Seeing that we are community attaches us to the creative purpose of the universe. It is a place that we must create for ourselves, rebuild our sense of a collective purpose and vision. 

This cannot be done without us all being willing to search our hearts and share the truth that resides inside of our souls.  

The sharing gives us the power to see the value of empathy. Valuing empathy allows us to build in and with peace as the focus of our desire. Empathy is the bedrock of the Beloved Community. 

The rebuilding of the Beloved Community is at the heart of our desire to right the wounds of racialized objectification.  

Dr. King said, “He who works against community is working against the whole of creation.”  

The pain held in the heart of our people must no longer bind our beings to brutality of the past. In the cultivation and production of empathy we learn our humanities are intertwined. We have the difficult work of unravelling the levels of hidden pain in order to see how our truth telling and community healing can lift us beyond the suffering of being racially objectified. As I have considered the radical goal of Dr. King’s vision for a Beloved Community it becomes conceivable with the shift of “Moving from Race to Culture.”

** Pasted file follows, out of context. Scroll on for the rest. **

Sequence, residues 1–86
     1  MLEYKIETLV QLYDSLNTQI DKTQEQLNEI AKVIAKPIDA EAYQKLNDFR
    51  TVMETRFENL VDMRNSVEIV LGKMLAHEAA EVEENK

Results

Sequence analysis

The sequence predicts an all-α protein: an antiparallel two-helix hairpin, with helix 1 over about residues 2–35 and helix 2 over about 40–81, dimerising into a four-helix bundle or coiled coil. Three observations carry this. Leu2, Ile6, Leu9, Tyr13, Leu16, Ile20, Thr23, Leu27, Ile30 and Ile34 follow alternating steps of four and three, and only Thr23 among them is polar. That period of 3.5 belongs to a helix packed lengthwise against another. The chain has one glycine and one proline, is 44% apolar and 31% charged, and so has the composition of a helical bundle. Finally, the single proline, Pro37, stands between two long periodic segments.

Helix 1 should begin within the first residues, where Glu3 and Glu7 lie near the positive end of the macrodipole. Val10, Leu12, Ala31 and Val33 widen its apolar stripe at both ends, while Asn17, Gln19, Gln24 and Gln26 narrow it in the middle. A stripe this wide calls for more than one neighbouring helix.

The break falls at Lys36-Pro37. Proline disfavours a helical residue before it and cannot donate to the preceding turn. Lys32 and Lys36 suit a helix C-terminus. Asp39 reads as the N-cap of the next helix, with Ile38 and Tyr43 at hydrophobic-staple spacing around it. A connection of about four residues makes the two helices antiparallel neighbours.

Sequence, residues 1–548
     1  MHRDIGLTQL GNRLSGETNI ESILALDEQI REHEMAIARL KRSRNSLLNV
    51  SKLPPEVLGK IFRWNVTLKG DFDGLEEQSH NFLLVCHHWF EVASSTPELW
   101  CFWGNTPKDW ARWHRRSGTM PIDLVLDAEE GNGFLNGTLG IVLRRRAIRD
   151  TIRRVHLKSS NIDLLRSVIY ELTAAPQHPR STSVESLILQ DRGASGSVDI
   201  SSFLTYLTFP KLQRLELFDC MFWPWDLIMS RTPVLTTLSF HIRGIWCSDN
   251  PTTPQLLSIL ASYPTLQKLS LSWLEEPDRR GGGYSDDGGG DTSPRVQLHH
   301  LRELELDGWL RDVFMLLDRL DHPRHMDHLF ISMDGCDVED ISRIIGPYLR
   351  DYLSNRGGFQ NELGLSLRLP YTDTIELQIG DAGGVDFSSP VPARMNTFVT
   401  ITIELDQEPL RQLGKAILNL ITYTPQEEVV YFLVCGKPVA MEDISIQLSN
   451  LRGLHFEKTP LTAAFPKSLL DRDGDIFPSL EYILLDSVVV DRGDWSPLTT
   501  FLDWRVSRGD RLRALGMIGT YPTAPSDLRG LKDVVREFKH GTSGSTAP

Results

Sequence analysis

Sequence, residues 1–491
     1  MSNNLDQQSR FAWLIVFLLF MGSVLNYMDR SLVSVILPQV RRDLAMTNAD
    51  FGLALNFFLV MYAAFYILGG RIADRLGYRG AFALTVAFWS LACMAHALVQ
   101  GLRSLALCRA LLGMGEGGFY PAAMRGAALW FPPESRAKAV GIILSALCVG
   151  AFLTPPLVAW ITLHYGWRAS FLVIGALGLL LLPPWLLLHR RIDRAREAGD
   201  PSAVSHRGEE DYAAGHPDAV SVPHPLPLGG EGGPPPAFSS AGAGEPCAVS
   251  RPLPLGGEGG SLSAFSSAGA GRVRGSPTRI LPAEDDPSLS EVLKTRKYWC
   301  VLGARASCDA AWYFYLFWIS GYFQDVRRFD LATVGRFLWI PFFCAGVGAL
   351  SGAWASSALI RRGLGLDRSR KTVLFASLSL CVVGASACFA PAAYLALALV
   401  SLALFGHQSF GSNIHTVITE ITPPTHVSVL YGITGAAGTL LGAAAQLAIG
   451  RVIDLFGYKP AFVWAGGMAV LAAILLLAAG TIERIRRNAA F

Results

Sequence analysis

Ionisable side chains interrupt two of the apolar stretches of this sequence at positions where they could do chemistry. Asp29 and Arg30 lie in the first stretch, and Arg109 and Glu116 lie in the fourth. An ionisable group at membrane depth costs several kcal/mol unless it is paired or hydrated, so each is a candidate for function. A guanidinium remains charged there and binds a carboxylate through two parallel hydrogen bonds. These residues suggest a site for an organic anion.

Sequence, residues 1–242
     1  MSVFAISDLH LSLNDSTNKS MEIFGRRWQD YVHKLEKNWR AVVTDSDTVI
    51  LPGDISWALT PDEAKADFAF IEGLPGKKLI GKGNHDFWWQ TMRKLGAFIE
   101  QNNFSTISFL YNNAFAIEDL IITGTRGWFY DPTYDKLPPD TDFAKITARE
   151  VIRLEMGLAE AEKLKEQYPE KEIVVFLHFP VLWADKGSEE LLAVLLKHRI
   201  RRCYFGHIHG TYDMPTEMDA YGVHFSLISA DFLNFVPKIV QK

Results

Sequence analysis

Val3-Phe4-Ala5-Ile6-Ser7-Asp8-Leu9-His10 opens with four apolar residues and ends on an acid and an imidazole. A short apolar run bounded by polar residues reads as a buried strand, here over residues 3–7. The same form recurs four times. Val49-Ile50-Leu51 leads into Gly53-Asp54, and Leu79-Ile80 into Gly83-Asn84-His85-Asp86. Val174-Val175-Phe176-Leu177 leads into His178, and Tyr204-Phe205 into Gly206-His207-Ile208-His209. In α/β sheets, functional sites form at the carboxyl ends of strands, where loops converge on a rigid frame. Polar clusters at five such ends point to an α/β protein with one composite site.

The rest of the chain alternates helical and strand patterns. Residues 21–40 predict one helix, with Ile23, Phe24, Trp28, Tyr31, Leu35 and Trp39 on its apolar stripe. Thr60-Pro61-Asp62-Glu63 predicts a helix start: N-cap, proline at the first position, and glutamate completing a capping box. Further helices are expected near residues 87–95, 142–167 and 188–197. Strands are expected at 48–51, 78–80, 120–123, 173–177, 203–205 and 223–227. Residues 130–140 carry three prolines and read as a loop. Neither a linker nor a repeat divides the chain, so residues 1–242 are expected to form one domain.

Moving from Race to Culture forces each of us to see how humanity is harmed by racialized objectification. 

This shifting from race to culture requires we trace the journey of our peoplehood back to Creation, back to cosmos.  

To create the Beloved Community, we are required to begin to see how our action relate to an innate peace and harmony. It is in this learning to harmonize peace with ourselves we become capable of demonstrating empathy for others. 

The primary obstacle is a lack of empathy for others. We are in need of giving and receiving the acknowledgement that naturally comes from empathy. 

Healing begins in being able to empathize with the forces, energies, lives, beings, creatures in nature.  It begins when we are able to see the tree and feel the experience of the tree’s ability to survive a long harsh winter.

Founded in 1996, the mission of the Cultural Wellness Center is to unleash the power of citizens to heal themselves and build community. The Cultural Wellness Center is one of the primary community and cultural knowledge-production organizations in the Twin Cities region. They partner with organizations, institutions, and people within communities to develop models to solve problems and create lasting solutions. The Cultural Wellness Center is located within the Midtown Global Market, 920 E. Lake St. Look on the back page of each Alley newspaper for more on its activities.

Editor’s note: This is reprinted from the MayDay 2019 tabloid courtesy of In The Heart of the Beast. This year marks the 400th anniversary of slave ships arriving to the new colonies that would beome the United States. Earlier than that, Africans had been seized by slave traders and brought to North America, South America, and the Caribbean since about 1501.